Source Recording from archive.org (song starts at 19:21)
All in the Downs the fleet lay moored,
The streamers waving in the wind,
When black-eyed Susan came on board,
Saying “Where shall I my true-love find?
Tell me you jovial sailors, tell me true,
Does my sweet Willy, does my sweet Willy sail among your crew?”
Willy who high upon the yard,
Rocked by the billows to and fro,
Soon as her well-known voice he heard,
He sighed and cast his eyes below.
The cord glides slides swiftly through his glowing hands,
And quick as lightning, and quick as lightning on the deck he stands.
“Oh Susan, Susan, lovely dear,
My vows will ever true remain,
Let me kiss off those falling tears,
We only part to meet again,
The noblest captain of all that British fleet,
Might envy Willy, might envy Willy’s lips those kisses sweet.
Believe not what the landsmen say,
They’ll tempt with thee thy constant mind,
They’ll say that sailors, when away,
In every port a mistress find,
Yes, yes, believe them when they tell thee so,
For thou art present, for thou art present whereso’er I go.”
“If to fair India’s coast I sail,
Thine eyes are seen in diamonds bright,
Thy breath is Africa’s spicy gale,
Your skin is ivory so white,
The pleasant breezes whereso’er they blow,
They bring me memories, they bring me memories of my lovely Sue.”
The boatswain gave the dreadful word,
The sails their swelling bosom spread,
No longer could she stay on board,
He turned, she sighed, and hung her head.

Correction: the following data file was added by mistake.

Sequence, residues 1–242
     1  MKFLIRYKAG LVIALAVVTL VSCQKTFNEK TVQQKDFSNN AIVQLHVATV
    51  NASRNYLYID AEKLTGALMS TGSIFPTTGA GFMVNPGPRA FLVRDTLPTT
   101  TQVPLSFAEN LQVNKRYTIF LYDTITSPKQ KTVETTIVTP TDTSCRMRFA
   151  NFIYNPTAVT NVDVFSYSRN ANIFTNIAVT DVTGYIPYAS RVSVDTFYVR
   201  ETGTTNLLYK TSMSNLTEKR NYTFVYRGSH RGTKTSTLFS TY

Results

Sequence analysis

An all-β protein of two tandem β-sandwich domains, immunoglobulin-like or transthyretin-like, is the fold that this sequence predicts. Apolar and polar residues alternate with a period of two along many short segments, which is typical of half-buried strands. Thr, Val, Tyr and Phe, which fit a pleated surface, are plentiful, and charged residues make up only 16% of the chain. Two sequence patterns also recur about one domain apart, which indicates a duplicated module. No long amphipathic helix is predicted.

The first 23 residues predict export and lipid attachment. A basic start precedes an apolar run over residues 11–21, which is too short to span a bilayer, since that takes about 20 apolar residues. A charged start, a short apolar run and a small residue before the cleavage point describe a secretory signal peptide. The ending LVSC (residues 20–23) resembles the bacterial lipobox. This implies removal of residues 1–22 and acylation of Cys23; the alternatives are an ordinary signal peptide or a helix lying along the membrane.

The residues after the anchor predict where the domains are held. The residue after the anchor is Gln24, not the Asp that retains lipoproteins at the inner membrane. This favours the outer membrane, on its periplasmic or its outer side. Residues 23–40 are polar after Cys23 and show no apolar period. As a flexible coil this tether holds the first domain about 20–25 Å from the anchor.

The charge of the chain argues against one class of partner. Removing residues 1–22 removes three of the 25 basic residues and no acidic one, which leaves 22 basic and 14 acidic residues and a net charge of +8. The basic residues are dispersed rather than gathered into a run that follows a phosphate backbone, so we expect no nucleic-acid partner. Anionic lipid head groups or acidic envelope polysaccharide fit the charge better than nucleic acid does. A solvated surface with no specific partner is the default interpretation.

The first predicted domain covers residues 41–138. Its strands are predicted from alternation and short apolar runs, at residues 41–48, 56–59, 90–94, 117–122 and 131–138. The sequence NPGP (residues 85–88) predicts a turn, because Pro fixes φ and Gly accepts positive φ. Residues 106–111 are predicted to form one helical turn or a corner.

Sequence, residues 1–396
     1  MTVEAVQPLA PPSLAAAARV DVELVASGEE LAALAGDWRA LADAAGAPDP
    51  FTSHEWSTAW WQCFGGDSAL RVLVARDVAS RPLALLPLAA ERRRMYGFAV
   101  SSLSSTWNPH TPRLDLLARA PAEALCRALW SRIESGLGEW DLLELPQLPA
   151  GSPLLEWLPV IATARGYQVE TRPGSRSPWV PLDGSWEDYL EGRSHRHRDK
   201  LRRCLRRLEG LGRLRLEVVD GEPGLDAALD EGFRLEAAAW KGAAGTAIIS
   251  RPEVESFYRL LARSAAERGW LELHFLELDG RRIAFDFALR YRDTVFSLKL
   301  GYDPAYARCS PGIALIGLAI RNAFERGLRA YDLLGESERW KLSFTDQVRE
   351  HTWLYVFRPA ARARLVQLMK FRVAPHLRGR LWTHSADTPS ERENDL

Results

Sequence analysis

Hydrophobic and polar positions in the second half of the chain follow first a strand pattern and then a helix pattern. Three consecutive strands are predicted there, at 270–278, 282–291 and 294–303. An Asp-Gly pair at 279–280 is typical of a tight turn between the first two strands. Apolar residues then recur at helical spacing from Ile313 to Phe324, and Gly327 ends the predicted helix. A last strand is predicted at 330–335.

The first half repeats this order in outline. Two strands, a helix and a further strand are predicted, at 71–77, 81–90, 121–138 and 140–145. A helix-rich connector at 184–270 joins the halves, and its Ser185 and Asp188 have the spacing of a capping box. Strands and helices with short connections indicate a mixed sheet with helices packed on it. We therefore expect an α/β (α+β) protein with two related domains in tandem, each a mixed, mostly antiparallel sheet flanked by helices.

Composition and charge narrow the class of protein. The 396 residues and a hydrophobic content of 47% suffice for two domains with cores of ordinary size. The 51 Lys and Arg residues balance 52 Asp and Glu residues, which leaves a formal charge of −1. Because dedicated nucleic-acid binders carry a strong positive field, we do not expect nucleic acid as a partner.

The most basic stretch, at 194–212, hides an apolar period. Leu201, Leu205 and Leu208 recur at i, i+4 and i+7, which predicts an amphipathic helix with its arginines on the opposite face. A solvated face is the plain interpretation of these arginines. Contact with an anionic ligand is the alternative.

Her little boat unwilling rowed to land,
“Adieu”, she cried, “Adieu”, she cried and waved her lily hand.
We have another fascinating song from the repertoire of Charles Finnemore of Bridgewater, Maine this month. Again, Finnemore’s 1943 singing of this song is available online here via the Helen Hartness Flanders Ballad Collection on archive.org. The above is my own transcription of Finnemore’s melody and words. The timing in the transcription is only an approximation so listening to the actual recording online is advised.
Black-Eyed Susan began as a poem by English poet and playwright John Gay (1685-1732) who wrote the famous Beggar’s Opera and was a friend of Jonathan Swift and Alexander Pope. Gay’s poem was put to music by English singer and composer Richard Leveridge and printed (complete with sheet music) in 1750. It became a much-printed and quite popular song in England.
The song has a long history in Ireland as well where Leveridge’s melody was reworked and popular as an instrumental air. Cork-born collector William Forde took down a version played on the uilleann pipes in 1846 by Hugh O’Beirne of Mohill, Co. Leitrim. Perhaps concerned about the melody’s origins, Forde wrote that “O’Beirne swears that this is Irish.” When Scottish-born musicologist Alfred E. Moffat used the air for a song in his 1898 Minstrelsy of Ireland he commented that “a century’s residence in the Emerald Isle has by no means proved a drawback to it.” Indeed, an additional century in the north woods of Maine and New Brunswick may have made it even better! Finnemore’s air, though certainly a variant of the 270-year-old original, is unique and quite compelling.